Despite the pandemic, Brexit concerns, and HGV driver strikes, the school is complete, with only a small piece of the parking lot to be finished.
The building’s namesake, Andrew Dobberson, remarked after the ceremony, “It’s a wonderful building, it’s everything we’ve ever dreamed of.”
“Will I miss it?” asked the retired instructor of his time at the school and work on the eight-year project. Yes. “
Summary of today’s construction news
In today’s construction news, Steve Fritchley, the leader of the Bolsover District Council, was quoted as saying, “Once we discovered the contractor was closing, we responded quickly to protect our assets.” In the areas where it was essential to do so, we have employed current site managers, and we are in the process of communicating with subcontractors.
Meanwhile, it doesn’t matter where in London you reside because chances are that your neighbourhood has at least one new-construction project that is identical to a dozen others. This style is known as “the new London vernacular” or, less favourably, the “biscuit boys” style. Both names refer to the brick-clad new-build housing frenzy that is sweeping the capital.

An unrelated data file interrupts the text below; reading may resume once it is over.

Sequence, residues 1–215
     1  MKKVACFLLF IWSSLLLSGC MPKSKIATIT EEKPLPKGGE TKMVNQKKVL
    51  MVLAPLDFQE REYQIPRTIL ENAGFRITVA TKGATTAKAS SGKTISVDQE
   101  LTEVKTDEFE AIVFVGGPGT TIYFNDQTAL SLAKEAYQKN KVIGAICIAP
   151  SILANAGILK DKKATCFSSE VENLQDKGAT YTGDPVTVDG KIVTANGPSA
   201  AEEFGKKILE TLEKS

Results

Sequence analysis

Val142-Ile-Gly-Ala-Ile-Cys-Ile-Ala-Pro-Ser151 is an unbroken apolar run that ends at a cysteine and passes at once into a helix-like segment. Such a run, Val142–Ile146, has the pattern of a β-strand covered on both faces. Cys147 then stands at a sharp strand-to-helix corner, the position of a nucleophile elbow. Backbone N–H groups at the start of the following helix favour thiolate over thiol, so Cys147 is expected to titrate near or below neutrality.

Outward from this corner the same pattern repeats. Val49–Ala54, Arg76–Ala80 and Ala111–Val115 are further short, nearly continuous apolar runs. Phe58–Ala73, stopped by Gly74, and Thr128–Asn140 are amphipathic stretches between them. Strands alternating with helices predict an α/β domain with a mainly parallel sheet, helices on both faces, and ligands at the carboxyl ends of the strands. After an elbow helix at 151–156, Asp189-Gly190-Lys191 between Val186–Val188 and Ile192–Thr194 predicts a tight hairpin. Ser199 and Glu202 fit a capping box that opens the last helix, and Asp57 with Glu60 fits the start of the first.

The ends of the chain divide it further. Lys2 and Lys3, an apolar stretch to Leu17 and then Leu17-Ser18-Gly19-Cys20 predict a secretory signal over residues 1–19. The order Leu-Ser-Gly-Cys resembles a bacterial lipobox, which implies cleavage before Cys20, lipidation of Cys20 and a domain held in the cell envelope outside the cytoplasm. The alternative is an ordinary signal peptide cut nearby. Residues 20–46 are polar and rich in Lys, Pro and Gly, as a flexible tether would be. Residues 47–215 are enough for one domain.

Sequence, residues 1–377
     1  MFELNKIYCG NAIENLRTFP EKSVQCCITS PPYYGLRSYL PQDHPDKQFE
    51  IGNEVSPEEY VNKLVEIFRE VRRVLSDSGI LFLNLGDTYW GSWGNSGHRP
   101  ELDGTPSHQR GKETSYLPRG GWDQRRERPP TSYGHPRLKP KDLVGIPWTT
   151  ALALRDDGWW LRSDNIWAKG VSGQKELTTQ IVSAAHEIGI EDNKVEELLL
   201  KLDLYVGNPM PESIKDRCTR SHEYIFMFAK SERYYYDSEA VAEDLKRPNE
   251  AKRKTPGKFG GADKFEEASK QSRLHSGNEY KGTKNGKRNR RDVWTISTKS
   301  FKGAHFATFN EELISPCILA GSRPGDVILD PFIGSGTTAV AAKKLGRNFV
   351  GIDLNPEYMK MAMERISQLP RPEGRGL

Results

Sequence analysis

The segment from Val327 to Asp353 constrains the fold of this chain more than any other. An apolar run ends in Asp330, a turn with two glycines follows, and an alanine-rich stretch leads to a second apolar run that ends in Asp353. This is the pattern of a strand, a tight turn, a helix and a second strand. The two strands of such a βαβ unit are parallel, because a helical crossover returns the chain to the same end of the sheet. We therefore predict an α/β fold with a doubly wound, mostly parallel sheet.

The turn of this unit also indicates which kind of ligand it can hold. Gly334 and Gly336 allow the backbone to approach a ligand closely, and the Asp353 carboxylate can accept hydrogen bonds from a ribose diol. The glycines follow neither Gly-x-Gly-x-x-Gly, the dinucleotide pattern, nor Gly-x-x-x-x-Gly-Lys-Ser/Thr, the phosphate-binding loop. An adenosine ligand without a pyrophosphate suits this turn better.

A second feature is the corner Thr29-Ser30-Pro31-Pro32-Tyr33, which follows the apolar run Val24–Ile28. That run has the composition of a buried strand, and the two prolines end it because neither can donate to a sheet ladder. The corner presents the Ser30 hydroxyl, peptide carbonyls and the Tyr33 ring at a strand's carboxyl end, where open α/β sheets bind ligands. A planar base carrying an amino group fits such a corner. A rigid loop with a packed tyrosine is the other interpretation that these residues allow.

As for the destruction of the Oakfield Campus buildings, the surrounding neighbourhood was turned into a “ghost town” after the contractor working for Nationwide, Mi-space, declared bankruptcy, which halted the development of new homes.
Over and above that, before cutting the ribbon on the Dobberson Building during the inaugural ceremony, Tom made some jokes about his time spent in school. The Dobberson building, which is named after a teacher who spent 39 years in the field, features fingerprint scanning technology and climate management, and it is designed to make the most of its proximity to the outdoors.